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  • Author: Joshua J. Liddy x
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James R. Chagdes, Joshua J. Liddy, Amanda J. Arnold, Laura J. Claxton and Jeffrey M. Haddad

Portable force-measurement technologies are becoming increasingly popular tools to examine the maturation of postural motor milestones, such as sitting and standing, in infants. These convenient, low-cost devices provide numerous opportunities to characterize postural development outside of the laboratory. However, it is important to understand the unique challenges and technical limitations associated with collecting center of pressure (CoP) data using portable force-measurement technologies in infant populations. This study uses a mathematical model to examine issues that emerge when using portable force-measurement technologies to collect sitting and standing postural data in infants. The results of our mathematical simulations demonstrate that the CoP errors from portable force-measurement technologies depend on the posture examined (e.g., sitting vs. standing), the anthropometrics of the person (e.g., height and weight), the frequency of body sway, and the experimental setup (e.g., an additional support surface being placed on top of the device). Recommendations are provided for developmental researchers interested in adopting these technologies in infant populations.

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Joshua J. Liddy, Amanda J. Arnold, HyeYoung Cho, Nathaniel L. Romine and Jeffrey M. Haddad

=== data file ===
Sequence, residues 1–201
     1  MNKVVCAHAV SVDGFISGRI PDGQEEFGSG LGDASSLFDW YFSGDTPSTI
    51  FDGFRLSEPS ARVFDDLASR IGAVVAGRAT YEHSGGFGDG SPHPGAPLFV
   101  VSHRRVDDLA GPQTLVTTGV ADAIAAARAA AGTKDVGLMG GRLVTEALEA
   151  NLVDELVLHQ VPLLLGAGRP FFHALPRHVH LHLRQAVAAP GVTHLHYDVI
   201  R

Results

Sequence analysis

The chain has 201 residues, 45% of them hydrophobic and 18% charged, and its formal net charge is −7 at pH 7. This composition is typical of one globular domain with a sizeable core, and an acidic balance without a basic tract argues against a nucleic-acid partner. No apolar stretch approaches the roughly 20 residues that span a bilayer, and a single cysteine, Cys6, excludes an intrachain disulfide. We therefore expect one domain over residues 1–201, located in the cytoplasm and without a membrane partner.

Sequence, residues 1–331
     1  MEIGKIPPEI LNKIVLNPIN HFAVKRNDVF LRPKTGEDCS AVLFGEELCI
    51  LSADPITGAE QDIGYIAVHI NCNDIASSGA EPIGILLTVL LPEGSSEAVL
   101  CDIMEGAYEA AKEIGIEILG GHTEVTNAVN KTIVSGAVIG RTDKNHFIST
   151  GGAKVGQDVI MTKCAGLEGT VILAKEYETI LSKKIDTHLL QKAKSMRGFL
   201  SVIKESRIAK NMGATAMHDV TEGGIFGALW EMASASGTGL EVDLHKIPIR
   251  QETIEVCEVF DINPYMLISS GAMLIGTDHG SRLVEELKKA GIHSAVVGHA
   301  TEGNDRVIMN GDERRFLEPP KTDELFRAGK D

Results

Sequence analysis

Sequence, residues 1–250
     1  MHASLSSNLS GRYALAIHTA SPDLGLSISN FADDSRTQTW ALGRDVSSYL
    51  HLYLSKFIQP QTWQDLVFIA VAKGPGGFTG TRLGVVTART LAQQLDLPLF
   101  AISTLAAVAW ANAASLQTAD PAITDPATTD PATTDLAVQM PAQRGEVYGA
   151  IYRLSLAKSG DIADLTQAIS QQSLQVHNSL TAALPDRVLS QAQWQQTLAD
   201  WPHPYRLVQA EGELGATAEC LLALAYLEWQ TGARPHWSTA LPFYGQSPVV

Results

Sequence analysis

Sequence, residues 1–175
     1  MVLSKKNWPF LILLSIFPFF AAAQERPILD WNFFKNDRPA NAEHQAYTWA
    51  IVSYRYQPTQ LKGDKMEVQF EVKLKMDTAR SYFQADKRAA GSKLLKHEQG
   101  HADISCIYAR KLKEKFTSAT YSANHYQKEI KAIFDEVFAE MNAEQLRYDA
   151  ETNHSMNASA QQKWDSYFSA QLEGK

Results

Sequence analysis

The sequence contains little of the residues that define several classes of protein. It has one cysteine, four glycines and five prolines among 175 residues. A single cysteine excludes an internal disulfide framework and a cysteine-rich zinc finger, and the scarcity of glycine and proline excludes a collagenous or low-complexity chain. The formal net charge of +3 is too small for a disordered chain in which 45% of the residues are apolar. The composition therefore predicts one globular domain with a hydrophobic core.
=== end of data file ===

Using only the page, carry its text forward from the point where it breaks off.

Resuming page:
Holding an object has been found to reduce postural sway during quiet standing. However, people normally stand to accomplish suprapostural goals, such as fitting a key into a lock. Postural control should therefore be assessed by examining postural outcomes in the context of suprapostural task performance. This study assessed whether holding an object increased standing postural stability and improved the performance of a concurrent precision manual task. A total of 15 young adults performed a precision manual task with their dominant hand while holding or not holding an object in their nondominant hand. Postural stability was assessed using measures of postural sway and time to boundary. Suprapostural task performance was assessed as an error count. Holding did not influence postural sway or suprapostural task performance. Discrepancies among previous studies coupled with the present findings suggest that the effects of holding an object on standing posture are highly sensitive to the experimental context. The authors provide several explanations for their findings and discuss the limitations of previous suggestions that holding an object may have clinical relevance for balance-compromised populations.